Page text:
Mrs Prem says: "The idea behind it was to get together, have fun and help each other. Today, the group's popularity has grown. We organise Independence Day and Diwali celebrations which are for families and help our kids stay in touch with their roots. Our Valentine's Day and ladies' night events were also hugely popular. Now, the dads in Melville also want to be added to the Melville Moms group."

Like the Melville Moms, the condominium has many groups formed by residents to improve community engagement. A cricket team made up largely of Indians which, according to team member Prem Bhagat, "has lost more matches in the last few months than the Indian team, but still stands united". A cycling group that regularly pedals to East Coast Park or Changi Beach on weekends. A Melville Park Facebook group, with 374 members, where residents exchange information on rents and property prices, and share photographs.

The IT condo

Melville Park, which opened in 1996, is often also called the IT condo. Its proximity to the Changi Business Park, a hub for technology businesses, has led a lot of Indians in technology to take up residence there.

Mrs Gowri Rajesh, who is part of the management council at Melville and looks after social and public relations, says: "Almost 60 per cent of the residents are Indian. It's a great option for those who work this side of town. The condo is a stone's throw from the airport.

So for those whose work requires excess travel, Melville is the ideal place."

Mrs Rajesh, her husband and two daughters have been living in the condo for eight years and have applied for Singapore citizenship. She adds: "There is also a fourth university coming up, at Changi, the Singapore University of Technology and Design. So this place is really becoming the hub. It is well-connected, with buses heading to all parts of the town from right outside the condo."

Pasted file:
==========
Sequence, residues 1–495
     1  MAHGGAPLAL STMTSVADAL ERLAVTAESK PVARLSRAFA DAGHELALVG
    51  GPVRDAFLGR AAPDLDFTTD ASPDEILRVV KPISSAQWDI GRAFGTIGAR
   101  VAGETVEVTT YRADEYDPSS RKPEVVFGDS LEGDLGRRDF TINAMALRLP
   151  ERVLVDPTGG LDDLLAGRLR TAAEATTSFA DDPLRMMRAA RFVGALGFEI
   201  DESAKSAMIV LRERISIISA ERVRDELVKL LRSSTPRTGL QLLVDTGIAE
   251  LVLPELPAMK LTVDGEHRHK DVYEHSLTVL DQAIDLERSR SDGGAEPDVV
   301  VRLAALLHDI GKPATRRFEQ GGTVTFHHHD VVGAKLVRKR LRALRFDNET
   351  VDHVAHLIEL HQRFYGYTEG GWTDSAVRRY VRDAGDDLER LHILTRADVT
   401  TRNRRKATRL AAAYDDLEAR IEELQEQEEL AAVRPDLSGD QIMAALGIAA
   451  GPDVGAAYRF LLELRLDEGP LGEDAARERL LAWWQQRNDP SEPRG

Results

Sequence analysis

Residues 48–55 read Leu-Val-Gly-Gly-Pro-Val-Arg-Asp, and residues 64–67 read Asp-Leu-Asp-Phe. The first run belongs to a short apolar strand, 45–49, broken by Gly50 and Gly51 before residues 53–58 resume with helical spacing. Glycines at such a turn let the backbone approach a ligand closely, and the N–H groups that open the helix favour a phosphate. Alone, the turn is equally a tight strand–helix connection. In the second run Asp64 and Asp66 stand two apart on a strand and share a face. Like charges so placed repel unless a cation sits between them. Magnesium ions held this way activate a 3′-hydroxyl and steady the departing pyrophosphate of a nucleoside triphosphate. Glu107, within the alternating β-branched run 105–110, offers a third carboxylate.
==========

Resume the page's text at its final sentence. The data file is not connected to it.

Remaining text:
She stresses the condo has all the amenities, but the real highlight is the sense of safety and camaraderie that the residents share because of their common background. "Kids have so many playmates. There are kids in every age group. And even if a family were to return to India, the children would not feel out of place," she says.

And yet there are some Indians who opt not to stay at Melville Park because of its Indianness. A management executive, who lives in the western part of Singapore, says: "We don't have long-term plans of living in Singapore. So we wanted to make the most of our time here and live in a place which had a mix of nationalities.

"My wife has made friends with her Singaporean and Australian neighbours, who have given us a peek into their culture. Living in Melville would be like living in any other Indian city."

Residents of Melville Park obviously see it differently. They say Melville helps them cope with homesickness. For, it has the cricket. It has the curries. And all the Indian festivals are celebrated with as much pageantry as a Karan Johar film.

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